The Constitution grants to Congress the power "To regulate Commerce with foreign Nations, and among the several States.…" A few cases in the 1800s indicated that the power to regulate foreign commerce was the same as the power to regulate interstate commerce. Later, in Brolan v. United States (1915), the Supreme Court indicated that the power given Congress to regulate foreign commerce was so complete that it was limited only by other portions of the Constitution. So the Court upheld Congress in its regulating, prohibiting, and taxing commerce with other nations while sometimes restricting its power to regulate interstate commerce.
Today the issue is of no significance. The power of Congress to regulate interstate commerce is so great as to make any distinctions meaningless. Congress need only concern itself with the specific constitutional restrictions on the foreign commercial power: those preventing the taxation of exports and giving any preference to the ports of one state over those of another state.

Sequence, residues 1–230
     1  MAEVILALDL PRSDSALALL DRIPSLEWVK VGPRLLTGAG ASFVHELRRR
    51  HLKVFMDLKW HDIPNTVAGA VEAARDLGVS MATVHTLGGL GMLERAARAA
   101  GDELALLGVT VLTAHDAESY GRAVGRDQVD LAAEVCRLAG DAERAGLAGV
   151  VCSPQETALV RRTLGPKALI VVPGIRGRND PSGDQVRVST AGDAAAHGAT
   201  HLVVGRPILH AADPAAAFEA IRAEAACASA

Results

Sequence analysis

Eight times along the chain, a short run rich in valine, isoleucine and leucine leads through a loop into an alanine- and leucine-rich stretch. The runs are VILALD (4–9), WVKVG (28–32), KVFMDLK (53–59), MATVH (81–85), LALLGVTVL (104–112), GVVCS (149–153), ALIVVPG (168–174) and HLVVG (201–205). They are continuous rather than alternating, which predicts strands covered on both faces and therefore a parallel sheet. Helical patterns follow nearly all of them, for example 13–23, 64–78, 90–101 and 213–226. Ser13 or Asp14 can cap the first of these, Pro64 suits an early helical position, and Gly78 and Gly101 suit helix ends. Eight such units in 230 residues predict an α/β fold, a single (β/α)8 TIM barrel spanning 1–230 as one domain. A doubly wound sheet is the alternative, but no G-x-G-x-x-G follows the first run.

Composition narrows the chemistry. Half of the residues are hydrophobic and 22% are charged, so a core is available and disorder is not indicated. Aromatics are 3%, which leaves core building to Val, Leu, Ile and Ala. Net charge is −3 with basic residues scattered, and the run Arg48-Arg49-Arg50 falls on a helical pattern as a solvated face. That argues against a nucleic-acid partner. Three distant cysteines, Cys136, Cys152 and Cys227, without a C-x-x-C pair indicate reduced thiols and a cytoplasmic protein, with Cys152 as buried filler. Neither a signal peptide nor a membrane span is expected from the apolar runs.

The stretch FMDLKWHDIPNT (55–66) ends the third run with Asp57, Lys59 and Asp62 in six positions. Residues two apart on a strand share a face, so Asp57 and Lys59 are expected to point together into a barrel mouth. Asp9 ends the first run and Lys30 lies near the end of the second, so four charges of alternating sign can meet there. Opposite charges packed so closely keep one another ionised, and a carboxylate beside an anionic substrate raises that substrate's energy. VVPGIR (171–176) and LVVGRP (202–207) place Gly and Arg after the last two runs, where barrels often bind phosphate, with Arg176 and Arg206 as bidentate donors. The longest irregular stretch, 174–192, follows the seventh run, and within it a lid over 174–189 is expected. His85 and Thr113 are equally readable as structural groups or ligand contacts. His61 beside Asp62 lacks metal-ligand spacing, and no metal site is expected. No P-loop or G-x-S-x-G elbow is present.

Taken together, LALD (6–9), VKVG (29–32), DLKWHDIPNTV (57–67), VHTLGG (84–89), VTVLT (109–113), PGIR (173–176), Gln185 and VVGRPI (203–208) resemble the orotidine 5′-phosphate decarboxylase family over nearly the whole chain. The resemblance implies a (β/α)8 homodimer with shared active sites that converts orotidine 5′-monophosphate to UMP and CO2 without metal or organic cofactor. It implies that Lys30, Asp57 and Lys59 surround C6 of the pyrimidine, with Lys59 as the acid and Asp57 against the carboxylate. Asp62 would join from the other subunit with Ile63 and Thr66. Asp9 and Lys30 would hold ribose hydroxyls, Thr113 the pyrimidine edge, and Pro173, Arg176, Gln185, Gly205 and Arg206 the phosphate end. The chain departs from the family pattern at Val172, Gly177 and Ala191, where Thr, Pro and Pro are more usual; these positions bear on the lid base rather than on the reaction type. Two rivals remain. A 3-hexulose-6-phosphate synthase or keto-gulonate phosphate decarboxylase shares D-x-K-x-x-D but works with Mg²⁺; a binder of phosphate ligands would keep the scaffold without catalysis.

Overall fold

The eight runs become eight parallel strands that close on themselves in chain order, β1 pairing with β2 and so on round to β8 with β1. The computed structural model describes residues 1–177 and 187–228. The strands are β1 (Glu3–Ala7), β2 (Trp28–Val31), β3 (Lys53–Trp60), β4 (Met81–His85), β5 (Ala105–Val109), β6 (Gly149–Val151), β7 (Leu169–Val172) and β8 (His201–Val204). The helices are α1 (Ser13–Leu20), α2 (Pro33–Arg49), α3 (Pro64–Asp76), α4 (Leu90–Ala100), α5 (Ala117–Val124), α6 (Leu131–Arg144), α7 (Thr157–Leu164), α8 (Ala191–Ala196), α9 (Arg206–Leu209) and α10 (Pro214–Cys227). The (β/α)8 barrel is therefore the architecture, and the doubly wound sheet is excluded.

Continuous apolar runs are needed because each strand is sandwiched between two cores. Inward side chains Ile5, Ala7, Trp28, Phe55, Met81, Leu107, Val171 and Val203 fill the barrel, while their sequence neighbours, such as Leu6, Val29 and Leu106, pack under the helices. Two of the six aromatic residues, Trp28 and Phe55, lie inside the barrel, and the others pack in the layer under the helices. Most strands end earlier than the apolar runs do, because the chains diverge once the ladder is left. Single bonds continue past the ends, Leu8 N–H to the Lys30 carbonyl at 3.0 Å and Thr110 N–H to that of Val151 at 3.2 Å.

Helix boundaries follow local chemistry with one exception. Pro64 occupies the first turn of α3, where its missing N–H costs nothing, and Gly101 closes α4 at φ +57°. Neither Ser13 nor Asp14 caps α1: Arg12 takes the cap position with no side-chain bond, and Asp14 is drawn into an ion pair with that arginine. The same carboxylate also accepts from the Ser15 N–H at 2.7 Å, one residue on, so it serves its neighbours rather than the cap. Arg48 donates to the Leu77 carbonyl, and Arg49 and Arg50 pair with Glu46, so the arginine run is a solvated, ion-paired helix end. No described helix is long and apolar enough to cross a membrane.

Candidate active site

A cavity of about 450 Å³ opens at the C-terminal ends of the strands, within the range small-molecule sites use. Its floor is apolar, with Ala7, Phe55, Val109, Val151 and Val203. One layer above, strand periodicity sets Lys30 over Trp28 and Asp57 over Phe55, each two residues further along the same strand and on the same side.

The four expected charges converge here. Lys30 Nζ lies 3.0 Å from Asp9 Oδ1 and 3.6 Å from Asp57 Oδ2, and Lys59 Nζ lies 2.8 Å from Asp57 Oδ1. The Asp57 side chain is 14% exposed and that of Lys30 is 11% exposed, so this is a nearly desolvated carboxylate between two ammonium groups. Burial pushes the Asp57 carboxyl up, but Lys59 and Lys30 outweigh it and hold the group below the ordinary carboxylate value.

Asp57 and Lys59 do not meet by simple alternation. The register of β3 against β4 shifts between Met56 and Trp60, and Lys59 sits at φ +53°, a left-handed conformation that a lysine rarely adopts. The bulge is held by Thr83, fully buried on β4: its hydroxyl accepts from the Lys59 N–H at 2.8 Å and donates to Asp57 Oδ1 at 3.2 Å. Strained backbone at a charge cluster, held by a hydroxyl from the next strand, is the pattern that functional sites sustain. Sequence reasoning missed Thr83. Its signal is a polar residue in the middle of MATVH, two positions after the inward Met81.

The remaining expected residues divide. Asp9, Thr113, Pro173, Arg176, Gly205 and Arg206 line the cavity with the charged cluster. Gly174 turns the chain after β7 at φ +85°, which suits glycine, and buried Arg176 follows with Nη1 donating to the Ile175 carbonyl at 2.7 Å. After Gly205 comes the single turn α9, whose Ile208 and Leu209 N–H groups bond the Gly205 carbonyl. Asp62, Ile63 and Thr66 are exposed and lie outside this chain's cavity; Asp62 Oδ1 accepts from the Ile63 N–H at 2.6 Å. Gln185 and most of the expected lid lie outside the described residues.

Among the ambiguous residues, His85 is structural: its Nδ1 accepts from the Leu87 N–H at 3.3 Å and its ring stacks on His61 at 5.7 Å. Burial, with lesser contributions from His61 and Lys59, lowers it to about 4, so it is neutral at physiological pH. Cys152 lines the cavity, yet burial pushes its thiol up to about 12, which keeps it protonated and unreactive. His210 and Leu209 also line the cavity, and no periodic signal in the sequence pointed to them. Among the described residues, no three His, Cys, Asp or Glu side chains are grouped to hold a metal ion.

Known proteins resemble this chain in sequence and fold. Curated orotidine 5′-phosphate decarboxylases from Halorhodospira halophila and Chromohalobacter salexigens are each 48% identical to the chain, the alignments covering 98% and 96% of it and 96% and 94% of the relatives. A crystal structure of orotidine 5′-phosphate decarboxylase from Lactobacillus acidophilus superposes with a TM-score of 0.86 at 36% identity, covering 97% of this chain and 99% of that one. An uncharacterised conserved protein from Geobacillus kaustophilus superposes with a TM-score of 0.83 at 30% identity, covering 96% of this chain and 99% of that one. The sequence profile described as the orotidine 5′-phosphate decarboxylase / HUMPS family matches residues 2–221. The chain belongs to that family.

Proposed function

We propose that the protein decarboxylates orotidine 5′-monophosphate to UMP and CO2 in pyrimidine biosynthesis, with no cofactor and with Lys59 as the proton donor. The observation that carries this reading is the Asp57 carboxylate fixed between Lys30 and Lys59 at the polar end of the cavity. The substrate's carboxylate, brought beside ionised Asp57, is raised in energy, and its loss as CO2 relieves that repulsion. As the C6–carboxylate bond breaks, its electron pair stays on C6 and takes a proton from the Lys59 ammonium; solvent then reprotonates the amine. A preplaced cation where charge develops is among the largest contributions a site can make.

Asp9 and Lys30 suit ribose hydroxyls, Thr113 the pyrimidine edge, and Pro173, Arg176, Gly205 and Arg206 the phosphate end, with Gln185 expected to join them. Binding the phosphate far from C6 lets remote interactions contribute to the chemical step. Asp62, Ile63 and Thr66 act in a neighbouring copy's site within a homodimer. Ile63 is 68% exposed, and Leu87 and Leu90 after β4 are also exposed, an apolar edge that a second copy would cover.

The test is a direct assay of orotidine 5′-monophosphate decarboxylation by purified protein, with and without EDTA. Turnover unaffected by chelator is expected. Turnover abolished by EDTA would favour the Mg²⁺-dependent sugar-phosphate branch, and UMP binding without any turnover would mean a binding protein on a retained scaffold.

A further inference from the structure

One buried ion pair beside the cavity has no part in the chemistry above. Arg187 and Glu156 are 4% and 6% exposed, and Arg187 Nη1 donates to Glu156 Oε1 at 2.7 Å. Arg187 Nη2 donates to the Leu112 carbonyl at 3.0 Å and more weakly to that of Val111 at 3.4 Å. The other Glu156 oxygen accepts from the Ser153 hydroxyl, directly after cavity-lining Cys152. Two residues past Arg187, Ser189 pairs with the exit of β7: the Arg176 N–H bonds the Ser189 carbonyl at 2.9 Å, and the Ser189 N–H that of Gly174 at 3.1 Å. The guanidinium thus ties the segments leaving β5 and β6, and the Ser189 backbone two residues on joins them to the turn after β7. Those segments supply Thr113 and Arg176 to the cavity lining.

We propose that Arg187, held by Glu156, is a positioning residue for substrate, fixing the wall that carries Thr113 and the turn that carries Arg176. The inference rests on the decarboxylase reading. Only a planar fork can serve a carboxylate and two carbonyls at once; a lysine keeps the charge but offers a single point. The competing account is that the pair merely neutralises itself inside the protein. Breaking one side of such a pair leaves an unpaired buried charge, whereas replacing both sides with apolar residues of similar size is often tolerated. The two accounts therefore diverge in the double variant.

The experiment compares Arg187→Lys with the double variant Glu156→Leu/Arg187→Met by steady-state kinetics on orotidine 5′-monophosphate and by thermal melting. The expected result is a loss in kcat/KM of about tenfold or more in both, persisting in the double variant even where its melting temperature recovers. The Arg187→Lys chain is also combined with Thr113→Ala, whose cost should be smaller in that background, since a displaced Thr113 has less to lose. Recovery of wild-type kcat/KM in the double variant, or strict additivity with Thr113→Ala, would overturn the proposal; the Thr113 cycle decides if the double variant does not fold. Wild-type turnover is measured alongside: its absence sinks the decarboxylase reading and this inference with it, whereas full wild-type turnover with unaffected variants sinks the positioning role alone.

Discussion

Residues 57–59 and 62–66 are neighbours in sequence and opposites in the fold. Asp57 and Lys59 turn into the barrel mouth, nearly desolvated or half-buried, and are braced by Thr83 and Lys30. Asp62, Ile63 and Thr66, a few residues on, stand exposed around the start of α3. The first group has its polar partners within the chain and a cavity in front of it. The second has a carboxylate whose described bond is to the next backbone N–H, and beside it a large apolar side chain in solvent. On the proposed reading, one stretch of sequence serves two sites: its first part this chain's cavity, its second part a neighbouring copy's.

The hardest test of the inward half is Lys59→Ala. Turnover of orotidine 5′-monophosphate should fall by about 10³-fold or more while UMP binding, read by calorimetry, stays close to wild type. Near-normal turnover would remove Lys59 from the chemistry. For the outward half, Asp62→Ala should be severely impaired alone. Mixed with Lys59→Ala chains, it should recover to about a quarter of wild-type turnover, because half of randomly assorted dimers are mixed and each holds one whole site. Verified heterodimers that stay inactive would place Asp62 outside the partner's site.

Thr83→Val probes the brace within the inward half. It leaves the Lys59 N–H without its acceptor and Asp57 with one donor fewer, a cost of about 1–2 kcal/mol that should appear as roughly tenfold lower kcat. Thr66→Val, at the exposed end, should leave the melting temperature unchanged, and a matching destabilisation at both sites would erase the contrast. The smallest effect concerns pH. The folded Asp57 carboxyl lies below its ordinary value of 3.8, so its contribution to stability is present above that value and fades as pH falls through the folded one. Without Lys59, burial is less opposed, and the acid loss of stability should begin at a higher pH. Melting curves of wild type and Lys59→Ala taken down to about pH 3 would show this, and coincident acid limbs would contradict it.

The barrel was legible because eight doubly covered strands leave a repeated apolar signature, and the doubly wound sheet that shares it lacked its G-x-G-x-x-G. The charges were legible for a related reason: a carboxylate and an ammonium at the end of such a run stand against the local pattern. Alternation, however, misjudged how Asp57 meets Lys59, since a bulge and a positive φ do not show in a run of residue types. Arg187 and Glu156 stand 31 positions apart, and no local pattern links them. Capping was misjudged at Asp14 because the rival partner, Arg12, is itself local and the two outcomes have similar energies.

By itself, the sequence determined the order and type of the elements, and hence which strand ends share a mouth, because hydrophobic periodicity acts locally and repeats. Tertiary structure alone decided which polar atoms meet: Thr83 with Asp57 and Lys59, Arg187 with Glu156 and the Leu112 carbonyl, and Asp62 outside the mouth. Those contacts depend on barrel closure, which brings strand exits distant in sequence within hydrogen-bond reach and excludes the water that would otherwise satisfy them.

In Japan Line, Ltd. v. Los Angeles (1979), however, the Court held that the foreign commerce clause may serve to limit state taxation in cases in which the interstate commerce clause would not. The Court held invalid a nondiscriminatory, apportioned, state property tax on the value of shipping containers belonging to a Japanese shipping company. The Court said that the tax would have been valid if it had been applied to interstate shipments, but was not here because the containers were taxed on full value in Japan and the Court had no authority to require apportioned taxation in foreign lands. The Court said that state taxes on foreign commerce had to meet all the tests for interstate commerce; in addition, the Court must inquire whether even with apportionment a substantial risk of international multiple taxation persists, and whether the tax prevents the federal government from speaking with one voice when regulating commerce with foreign governments.
Edward L. Barrett, Jr.
Henkin, Louis 1972 Foreign Affairs and the Constitution. Pages 69–71. Mineola, N.Y.: Foundation Press.